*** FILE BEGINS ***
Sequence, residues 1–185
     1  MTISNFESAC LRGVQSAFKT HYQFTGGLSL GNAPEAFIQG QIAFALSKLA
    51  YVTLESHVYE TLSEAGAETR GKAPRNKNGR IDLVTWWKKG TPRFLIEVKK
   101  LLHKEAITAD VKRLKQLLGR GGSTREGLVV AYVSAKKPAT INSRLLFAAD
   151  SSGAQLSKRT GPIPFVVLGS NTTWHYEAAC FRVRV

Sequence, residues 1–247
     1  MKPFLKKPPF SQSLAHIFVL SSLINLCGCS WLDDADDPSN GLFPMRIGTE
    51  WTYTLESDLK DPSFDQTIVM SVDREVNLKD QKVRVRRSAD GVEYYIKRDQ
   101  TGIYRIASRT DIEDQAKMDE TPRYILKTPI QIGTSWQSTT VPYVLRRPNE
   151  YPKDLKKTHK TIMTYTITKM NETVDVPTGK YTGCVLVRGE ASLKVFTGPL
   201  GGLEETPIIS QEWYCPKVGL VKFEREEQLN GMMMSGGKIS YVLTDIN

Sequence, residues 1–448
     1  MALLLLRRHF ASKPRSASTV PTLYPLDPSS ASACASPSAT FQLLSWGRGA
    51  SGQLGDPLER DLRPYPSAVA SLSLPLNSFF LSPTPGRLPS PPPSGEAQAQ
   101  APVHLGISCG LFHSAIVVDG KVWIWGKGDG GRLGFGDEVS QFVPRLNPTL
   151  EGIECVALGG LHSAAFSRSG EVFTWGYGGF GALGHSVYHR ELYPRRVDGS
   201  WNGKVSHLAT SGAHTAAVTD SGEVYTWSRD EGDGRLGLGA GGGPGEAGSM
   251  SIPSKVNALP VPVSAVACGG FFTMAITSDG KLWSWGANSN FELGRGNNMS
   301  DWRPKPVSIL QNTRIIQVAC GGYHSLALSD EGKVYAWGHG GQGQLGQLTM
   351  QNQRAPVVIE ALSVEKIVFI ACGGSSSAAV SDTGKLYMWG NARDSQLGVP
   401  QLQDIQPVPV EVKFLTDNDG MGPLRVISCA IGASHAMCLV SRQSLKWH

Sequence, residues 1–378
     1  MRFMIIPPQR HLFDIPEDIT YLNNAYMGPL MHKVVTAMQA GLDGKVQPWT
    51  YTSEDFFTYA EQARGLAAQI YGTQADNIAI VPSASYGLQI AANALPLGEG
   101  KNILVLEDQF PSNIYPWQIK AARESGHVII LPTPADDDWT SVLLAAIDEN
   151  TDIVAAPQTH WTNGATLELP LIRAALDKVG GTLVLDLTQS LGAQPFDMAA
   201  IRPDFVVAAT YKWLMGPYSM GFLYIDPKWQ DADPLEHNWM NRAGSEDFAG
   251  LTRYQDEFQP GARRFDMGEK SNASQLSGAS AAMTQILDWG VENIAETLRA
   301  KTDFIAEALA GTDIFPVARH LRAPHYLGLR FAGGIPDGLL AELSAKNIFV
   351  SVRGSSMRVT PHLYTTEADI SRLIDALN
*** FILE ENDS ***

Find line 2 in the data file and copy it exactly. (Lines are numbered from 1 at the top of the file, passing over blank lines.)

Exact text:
     1  MTISNFESAC LRGVQSAFKT HYQFTGGLSL GNAPEAFIQG QIAFALSKLA